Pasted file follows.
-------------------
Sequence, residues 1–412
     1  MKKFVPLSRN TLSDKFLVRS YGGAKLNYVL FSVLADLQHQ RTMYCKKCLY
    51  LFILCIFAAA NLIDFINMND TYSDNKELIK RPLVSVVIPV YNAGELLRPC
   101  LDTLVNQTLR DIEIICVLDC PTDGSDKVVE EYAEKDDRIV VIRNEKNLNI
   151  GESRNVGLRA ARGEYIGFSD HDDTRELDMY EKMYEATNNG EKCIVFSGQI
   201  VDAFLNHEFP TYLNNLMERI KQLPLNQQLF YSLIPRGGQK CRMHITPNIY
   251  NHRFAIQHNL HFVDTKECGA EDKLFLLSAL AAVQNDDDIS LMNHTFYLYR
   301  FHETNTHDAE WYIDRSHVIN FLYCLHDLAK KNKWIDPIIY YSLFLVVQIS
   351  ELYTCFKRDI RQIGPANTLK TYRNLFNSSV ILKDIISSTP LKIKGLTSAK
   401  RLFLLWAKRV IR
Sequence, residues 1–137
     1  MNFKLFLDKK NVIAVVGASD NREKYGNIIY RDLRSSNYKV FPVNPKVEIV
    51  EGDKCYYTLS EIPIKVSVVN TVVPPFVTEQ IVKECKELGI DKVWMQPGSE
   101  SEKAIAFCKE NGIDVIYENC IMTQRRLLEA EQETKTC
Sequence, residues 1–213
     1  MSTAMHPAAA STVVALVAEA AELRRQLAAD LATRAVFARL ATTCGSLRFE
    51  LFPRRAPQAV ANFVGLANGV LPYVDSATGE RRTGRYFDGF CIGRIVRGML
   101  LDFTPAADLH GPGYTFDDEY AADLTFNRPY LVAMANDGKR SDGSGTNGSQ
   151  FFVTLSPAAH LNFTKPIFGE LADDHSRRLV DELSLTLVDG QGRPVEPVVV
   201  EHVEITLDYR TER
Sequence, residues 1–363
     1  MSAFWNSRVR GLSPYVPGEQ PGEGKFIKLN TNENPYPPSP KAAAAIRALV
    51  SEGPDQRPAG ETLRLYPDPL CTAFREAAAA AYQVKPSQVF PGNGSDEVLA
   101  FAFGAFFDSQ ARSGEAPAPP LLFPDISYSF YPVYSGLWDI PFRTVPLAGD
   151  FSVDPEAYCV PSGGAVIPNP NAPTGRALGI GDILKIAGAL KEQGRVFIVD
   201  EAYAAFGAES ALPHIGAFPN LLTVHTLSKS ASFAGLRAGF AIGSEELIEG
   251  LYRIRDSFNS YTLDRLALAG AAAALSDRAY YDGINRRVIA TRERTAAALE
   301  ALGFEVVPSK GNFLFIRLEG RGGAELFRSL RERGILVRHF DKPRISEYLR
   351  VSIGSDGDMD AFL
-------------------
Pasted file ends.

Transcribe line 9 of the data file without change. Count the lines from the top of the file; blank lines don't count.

   351  ELYTCFKRDI RQIGPANTLK TYRNLFNSSV ILKDIISSTP LKIKGLTSAK